No question, for Pete Sixsmith, of straight home for pipe, slippers and tea in front of Saturday evening telly after the welcome home win against Stoke City. Instead, he joined more than 1,000 others willing Sunderland Ladies* to a victory that would have clinched an outstanding achievement, promotion to the top tier of the Women’s Super League. It was not to be, but glory may well be delayed, not denied …
To Chelsea 1963, Manchester City 1990, Charlton Athletic 1998 and quite a few more, we can add Doncaster Belles 2014 as a game Sunderland needed to win but didn’t.
Unlike the first three mentioned, this one probably won’t be terminal as we have two games left to secure the six points needed to clinch the title and replace Everton in the Women’s Super League top tier.
The team is good enough to overcome this disappointing blip and many Sunderland fans will be awaiting news from Oxford United and Millwall with quiet optimism rather than bated breath.
The scene was set for a splendid Saturday. The men’s team had had a rousing first win of the season in front of an excellent 42,000 crowd – 10,000 more than Villa attracted for Manchester City- and a good few of those who had witnessed Fletcher and Wickham dispatch Stoke City, arrived at the Hetton Centre hoping for a double.
It started well, with Doncaster on the back foot and when the always impressive Beth Mead opened the scoring in the 15th minute, taking advantage of some Stoke-like defending in the box, the large crowd of 1,117 sat back and waited for the Yorkshire team to fold and Sunderland’s procession to the title to continue.
But it wasn’t like that. Rachel Furness, a midfield powerhouse, failed to stamp her usual authority on the proceeedings and Doncaster clawed their way back into the game.
Their head coach Gordon Staniforth, once of Carlisle United and York City changed their game plan in the second half, and it led to a complete turnaround. Sunderland had no answer to this much more positive approach and it was little surprise when Jess Sigsworth equalised.
There was some huffing and puffing from our players, but no real chances and when Tori Williams scored a good second, our young team looked deflated. No leveller was forthcoming and the league was left wide open.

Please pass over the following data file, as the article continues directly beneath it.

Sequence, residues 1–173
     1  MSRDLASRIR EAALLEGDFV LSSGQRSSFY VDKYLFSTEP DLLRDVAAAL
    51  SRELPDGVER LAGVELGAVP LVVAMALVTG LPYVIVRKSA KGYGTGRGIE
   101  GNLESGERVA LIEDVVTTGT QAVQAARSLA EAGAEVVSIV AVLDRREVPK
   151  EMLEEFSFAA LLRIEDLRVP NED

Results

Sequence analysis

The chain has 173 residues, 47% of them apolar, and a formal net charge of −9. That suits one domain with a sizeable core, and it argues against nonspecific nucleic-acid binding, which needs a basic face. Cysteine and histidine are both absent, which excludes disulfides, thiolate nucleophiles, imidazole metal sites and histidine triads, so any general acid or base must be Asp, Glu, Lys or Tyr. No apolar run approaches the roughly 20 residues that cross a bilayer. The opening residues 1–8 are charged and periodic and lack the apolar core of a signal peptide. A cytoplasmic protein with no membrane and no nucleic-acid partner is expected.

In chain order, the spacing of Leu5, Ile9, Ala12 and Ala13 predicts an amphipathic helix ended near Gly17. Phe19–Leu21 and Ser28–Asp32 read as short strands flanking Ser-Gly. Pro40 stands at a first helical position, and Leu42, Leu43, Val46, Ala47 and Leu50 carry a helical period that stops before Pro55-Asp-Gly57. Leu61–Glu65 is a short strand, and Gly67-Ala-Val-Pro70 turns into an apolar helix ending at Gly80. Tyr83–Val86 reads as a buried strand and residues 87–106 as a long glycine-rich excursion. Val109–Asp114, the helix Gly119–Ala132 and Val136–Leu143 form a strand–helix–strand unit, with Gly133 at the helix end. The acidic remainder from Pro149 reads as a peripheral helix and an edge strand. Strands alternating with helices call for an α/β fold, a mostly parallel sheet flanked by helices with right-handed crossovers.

It was an enjoyable game to watch, free of the cynicism that is all too apparent at most levels in the men’s game.
Tackles are made fairly and when players go down, they get up as quickly as they can. Referees are not surrounded by snarling players, managers do not try to get from A to B via an opposing manager and fans do not boo a former player who happened to sign for another club because their manager no longer fancied re-signing him.
Like the excellent Rugby League that I witnessed at Headingley on Sunday, there is a deep-seated honesty about the women’s game. The skill levels are high and there is a feeling that the players actually enjoy what they are doing. How many Premier League players have a smile on their face as they play? Not many – the odd smirk perhaps, but not much smiling.
Promotion or not, I shall be paying more visits to Eppleton to watch this blossoming team. Others may well enjoy it, too.
WSL2 League Table:
P W D L F A Pts
1 Sunderland AFC Ladies 16 13 2 1 40 13 41
2 Doncaster Rovers Belles 15 11 3 1 43 14 36
3 Reading FC Women 16 11 2 3 54 20 35
4 Aston Villa Ladies FC 16 7 3 6 19 25 24
5 Yeovil Town Ladies FC 15 6 2 7 25 22 20
6 Durham Women FC 16 5 2 9 18 29 17
7 Watford Ladies FC 16 5 2 9 21 33 17
8 Millwall Lionesses 16 4 3 9 19 29 15
9 Oxford United Women 16 3 3 10 14 39 12
10 London Bees 16 2 2 12 15 44 8
Oct 12 Oxford United Women (a) Noon (at Abingdon United FC)
Oct 26 Millwall Lionesses (a) 2pm (Millwall FC)
* See the Sunderland Ladies AFC website at http://sunderland.fawsl.com/index.html